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How does fMRI work? What neurovascular mechanisms generate the BOLD signal?

Feb 24, 2016


The pipeline that maps fluctations in magnetic fields to mental activity is long and complicated. The key component from the perspective of a neurophysiologist is that neural activations cause changes in blood flow, which are detected with magnetic fields. The primary mechanism for this is activity-dependent vasodilation.

How Does fMRI work?

A complete answer to this question is probably impossible in any format shorter than a book. Consider: the first sentence has to introduce quantum mechanical spin and the last sentence has to say "and now we can reliably and quantitatively observe complex mental activites evolving in time". Fourier transforms are introduced in between for convenience's sake.

For the purposes of this question, I'm going to treat the MRI portion as effectively magical – let's just assume that we have a method to sensitively detect changes in the magnetic properties of biological tissue.

From there, the chain of logic is straightforward enough that Linus Pauling came up with the idea in the 1930s while playing around with cow's blood and magnets.

The key insight is that oxygenated blood has different magnetic properties than deoxygenated blood, thanks to the iron atoms our blood uses to bind oxygen.

Therefore, we can use our magical magnetic-properties-detector to visualize the flow of oxygenated blood in biological tissue.

Blood Flow in Neural Tissue

To the delight of cognitive neuroscientists, the blood flow in neural tissue happens to be quite informative!

A key reason why is that neurons are highly specialized and dependent cells – one might view them as the "wise men with skinny arms" of the body. They are incapable of making their own food from raw materials or of storing food for any period of time, and so must be spoon-fed glucose, a sort of pre-chewed food, by the intricate and responsive vasculature of the brain (pictured below).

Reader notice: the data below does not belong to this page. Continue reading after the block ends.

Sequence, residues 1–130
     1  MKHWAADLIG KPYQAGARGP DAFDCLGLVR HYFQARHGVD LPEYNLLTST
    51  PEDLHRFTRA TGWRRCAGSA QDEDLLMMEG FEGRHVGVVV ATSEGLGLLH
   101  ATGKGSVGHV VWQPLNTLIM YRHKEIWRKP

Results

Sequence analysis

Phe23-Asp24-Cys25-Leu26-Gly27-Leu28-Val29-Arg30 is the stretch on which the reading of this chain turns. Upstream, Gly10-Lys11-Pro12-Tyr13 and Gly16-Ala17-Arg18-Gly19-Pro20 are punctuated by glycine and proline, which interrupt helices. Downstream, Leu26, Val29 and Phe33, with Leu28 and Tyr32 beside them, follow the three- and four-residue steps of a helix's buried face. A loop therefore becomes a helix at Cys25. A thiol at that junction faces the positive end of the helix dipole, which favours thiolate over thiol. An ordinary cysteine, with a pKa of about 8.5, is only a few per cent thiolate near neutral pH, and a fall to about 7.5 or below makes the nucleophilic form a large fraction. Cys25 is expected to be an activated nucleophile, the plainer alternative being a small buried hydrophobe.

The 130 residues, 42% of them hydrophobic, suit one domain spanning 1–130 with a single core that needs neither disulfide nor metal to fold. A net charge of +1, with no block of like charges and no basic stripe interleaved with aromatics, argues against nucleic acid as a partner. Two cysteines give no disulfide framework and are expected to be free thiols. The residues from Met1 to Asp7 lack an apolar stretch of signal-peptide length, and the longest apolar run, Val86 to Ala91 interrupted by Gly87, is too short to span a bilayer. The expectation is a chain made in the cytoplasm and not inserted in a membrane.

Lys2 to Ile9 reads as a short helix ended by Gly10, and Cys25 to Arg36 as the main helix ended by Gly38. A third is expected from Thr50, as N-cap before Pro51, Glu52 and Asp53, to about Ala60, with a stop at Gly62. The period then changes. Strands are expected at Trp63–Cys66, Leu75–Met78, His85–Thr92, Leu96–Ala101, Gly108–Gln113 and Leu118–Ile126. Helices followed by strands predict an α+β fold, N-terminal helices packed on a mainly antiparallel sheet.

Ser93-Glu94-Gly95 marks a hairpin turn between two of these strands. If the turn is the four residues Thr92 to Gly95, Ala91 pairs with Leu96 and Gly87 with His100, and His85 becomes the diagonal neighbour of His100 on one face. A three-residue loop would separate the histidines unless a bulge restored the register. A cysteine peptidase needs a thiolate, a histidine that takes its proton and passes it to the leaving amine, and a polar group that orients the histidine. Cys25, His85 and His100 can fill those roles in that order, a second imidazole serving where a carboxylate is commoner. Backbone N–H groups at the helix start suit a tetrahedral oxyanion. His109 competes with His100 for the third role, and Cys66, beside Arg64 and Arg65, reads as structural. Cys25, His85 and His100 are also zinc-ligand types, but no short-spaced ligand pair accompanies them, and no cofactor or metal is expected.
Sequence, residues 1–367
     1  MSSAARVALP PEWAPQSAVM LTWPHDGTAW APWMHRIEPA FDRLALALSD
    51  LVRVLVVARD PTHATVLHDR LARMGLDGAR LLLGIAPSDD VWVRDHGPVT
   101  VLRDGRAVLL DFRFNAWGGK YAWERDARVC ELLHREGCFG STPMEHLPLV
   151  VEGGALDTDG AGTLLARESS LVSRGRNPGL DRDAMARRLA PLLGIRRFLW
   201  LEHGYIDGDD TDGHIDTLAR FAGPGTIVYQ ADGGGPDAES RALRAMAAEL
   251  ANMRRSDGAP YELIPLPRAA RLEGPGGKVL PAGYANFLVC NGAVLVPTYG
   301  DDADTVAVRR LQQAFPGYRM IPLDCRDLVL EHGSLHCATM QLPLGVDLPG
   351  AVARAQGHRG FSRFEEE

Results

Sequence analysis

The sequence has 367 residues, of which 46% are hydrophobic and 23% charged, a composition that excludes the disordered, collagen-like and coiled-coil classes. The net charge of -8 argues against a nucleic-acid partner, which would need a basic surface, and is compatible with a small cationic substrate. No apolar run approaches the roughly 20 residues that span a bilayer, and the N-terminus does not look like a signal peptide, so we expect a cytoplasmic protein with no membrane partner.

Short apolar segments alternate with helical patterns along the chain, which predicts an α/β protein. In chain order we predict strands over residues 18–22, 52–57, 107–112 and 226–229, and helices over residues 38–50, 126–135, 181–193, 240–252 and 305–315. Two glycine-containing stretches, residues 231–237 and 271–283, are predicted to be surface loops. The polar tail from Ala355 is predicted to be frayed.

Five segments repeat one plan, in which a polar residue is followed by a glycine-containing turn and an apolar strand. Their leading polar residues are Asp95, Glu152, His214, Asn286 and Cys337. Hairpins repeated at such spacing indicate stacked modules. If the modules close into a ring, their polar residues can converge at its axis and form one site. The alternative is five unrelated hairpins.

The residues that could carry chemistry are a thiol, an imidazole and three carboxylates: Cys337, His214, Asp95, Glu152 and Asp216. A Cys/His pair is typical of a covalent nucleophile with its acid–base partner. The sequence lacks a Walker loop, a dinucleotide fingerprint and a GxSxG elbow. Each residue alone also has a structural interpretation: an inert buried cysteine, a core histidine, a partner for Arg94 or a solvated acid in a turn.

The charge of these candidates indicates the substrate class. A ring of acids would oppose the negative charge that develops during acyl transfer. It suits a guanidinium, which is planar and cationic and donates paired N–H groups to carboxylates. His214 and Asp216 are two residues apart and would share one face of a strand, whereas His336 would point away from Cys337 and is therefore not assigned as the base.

Plastic cast of the cranial vasculature. From Zlokovic and Apuzzo, 1998. No wonder aneurysms and strokes are unavoidable!

When neurons fire action potentials, a variety of energy-consuming processes are activated. For example, the flow of currents slightly changes the resting membrane potential, which must be restored through an expenditure of energy. To get a sense of the scale of this energy use, consider that the brain, which weighs less than a pound, uses a full 20 percent of all calories consumed by the body!

Energy consumption is particularly acute during periods of high activity. Even though we do use 100% of our brain, we use some of it more than other parts at certain times. As different parts of the brain become more active than others, the vasculature responds at a columnar scale to make sure energy is available where it is needed.

This of course means that oxygenated blood will move into an area, then rapidly become deoxygenated. The incredible fact that powers fMRI is that we can observe these changes because the oxygenated and deoxygenated blood have different magnetic properties.

Physiologists might be interested in the biochemical mechanism of this response. The smooth muscle of the vasculature, like most smooth muscle, is controlled by chemical signals, like nitric oxide. These signals cause the muscle to increase or decrease the diameter of the blood vessels, changing the flow of blood in much the same way that we change the flow of water in our homes by twisting the knobs on our sinks.

Even though nitric oxide is a neurotransmitter, release of NO from neurons isn't believed to underlie the vascular response. Instead, the glia, the brain's underappreciated janitorial staff, detect the overall level of neurotransmitter release through reuptake mechanisms. When reuptake is high, levels of calcium increase, leading to increased nitric oxide synthesis.

Caveats to fMRI

The fore-going has hopefully indicated some of the issues with using fMRI to study neural activity.

The fundamental signal being measured is blood, rather than neural activity. Even generating the signal requires the coactivation of many neurons, and the resolution is limited by the scale on which blood flow is regulated by the vasculature, around a cubic millimeter. If that sounds small, consider that there are on the order of a million neurons in that much tissue.

As you might expect, connecting such an abstruse measurement as the magnetization of blood to abstract mental activity is a complex process, involving physical, computational, and statistical transformations of the data, to say nothing of interpretation.

Because of this, very few people understand every step of the process. And the details are important!.

Despite all of these concerns, fMRI stands as one of the most effective methods for connecting psychological phenomena to physical processes.